Red Bull Straight Rhythm has come and gone but we've grabbed up two riders who lined up behind the start gate for their take on their bikes, the race, and their results. Round of applause for AJ Catanzaro and Ryan Sipes.
1. We’ve heard about your sick bike build—but how did it actually perform? How cool was it to be on it?
The bike could not have been any better for a 2004 racing against modern bikes. I would say the biggest disadvantage is that I had outdoor suspension, but even that performed as well as outdoor suspension could have on that type of track! The Lectron carb made jetting a non-issue, which was nice! Riding a 125 on that track was just a blast, because it made even the easiest obstacles very difficult.
2. How did the race go?
I found the race was far more intimidating than a normal supercross. There was a huge break between the timed qualifying and our bracket racing, so we went into a 45 second all out sprint with zero warm up/sight lap. Having all eyes on you and knowing one mistake pretty much spelled the end of your race was also a little scary.
With that being said, it definitely took me a few races to get warmed up. Luckily, my whoop speed saved me quite a bit and I could make up time even if I was a couple bike lengths behind coming in. Going against Carson Brown, he was doing a 2-3-3-2 as opposed to my 2-2-3-3, and it was about three bike lengths faster. That made life very difficult to try and get the win against him.
3. What did you learn now that you’ve done it?
Straight Rhythm will quickly teach you the importance of attacking every little obstacle on the track. You can always go a little faster and stay a little lower, and I think it’s a good reminder before diving into my preparation for SX. It also teaches you not to give up. I felt like there were multiple occasions where I seemed like I was way behind, or missed the triple in the rhythm, but still just continued to attack the track for everything I had.
I also learned that I kind of like just racing in a straight line. Forget this whole corner thing [Laughs].
Bonus: Did you practice the dance moves in advance?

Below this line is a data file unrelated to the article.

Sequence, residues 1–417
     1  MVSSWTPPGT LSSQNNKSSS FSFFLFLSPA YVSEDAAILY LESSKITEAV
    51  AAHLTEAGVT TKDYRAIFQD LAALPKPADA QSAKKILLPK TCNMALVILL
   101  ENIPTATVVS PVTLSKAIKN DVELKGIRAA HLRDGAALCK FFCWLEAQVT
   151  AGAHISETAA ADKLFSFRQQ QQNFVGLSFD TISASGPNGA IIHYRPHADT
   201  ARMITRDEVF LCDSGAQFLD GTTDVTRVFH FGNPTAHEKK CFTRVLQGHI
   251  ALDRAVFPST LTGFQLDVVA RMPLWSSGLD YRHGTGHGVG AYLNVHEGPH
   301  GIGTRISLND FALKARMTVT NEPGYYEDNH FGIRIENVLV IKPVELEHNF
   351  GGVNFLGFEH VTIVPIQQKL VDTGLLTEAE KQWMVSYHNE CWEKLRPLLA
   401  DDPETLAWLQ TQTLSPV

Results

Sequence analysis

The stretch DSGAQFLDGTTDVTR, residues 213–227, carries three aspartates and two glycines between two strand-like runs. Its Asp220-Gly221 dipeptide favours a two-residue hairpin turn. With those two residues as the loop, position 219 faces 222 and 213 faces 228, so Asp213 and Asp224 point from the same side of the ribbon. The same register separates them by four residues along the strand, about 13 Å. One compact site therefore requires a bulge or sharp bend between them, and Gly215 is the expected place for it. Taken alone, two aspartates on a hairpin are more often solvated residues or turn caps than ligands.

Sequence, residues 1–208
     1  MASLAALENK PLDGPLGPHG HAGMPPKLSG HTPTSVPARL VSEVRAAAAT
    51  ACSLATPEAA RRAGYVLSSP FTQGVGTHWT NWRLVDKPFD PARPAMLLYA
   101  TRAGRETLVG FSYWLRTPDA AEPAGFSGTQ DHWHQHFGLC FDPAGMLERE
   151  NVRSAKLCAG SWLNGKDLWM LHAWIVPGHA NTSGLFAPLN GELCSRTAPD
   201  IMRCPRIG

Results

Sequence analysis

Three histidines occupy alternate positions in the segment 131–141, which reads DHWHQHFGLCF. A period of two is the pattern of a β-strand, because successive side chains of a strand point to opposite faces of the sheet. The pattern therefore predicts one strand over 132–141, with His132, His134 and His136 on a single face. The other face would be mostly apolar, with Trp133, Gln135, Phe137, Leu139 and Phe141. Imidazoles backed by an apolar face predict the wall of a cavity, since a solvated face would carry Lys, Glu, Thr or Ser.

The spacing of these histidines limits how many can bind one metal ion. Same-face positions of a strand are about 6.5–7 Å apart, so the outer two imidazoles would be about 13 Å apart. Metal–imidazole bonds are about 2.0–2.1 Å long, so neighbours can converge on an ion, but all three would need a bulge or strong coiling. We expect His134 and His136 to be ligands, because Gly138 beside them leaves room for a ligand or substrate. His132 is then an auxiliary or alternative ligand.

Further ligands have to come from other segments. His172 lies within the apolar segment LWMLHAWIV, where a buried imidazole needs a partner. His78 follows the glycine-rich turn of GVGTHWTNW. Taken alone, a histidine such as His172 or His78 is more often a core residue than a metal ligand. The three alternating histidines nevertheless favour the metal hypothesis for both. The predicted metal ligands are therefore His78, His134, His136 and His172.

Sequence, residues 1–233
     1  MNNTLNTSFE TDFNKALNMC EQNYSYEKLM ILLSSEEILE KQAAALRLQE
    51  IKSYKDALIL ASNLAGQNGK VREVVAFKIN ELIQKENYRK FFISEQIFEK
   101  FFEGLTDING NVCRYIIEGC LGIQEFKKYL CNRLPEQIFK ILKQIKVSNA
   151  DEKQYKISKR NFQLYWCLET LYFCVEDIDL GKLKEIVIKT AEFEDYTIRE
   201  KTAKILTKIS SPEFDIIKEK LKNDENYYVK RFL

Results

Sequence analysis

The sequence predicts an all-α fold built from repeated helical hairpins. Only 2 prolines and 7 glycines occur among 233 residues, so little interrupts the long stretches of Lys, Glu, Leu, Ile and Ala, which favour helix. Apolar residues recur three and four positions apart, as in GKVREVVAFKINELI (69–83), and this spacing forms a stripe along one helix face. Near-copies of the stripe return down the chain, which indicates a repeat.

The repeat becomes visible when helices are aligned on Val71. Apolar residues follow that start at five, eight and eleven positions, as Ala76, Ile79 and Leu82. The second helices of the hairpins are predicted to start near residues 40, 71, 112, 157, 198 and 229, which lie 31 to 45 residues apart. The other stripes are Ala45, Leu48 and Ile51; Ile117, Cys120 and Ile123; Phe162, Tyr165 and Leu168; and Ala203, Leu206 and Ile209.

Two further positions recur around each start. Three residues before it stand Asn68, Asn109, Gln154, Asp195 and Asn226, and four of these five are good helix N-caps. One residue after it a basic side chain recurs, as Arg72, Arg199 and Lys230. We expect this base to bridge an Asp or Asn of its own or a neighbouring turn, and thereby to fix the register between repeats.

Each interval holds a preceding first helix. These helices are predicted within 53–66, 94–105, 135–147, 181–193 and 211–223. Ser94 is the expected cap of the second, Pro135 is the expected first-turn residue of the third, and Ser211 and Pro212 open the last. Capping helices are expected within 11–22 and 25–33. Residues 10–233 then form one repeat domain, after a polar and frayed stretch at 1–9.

No I did not practice any dance moves, although I must admit I’m much better at the worm than I expected. Just a mental note for next time, be sure your worm zone is clear of rocks before you begin. Ouch.
1. What was your bike situation for the race?
I rode a 2019 Husqvarna TC250. It was a magazine test bike but only had a few hours on it. It was totally stock but the thing ripped! WP was great in a pinch and got some suspension set up for me on Friday. I don’t have my own supercross setting anymore so we adjusted on it all day to find the right setup, but the WP guys helped me out a ton with that too. The perfect scenario would have been to test for a week or two beforehand, but we did the best we could. I thought the bike was good.
2. How was your preparation? You’ve done a lot of everything lately?
I rode my Straight Rhythm track for 30 minutes on a four stroke with moto suspension. Probably could have been a little better but I did the best I could. Like you said, I’m doing a little of everything this year, so it’s hard to really focus on one thing for very long. I practice something different almost every day because I race something different almost every weekend. There’s a reason that when you race supercross full time, you only ride supercross, ya know? To be at the top level you need weeks of preparation, and my schedule doesn’t really allow for that. Still, I felt pretty good. The skills don’t really go away, it just takes longer to find them when you don’t practice it a lot.
3. How did it go?
I felt ok. I was fast enough to make it further into the program but mistakes held me back. That’s one thing about Straight Rhythm: you can’t make any mistakes because there’s no time to catch up. It’s a really fun event though. Even though the results weren’t there, I’m glad I got to ride it again. Can’t wait 'til next year.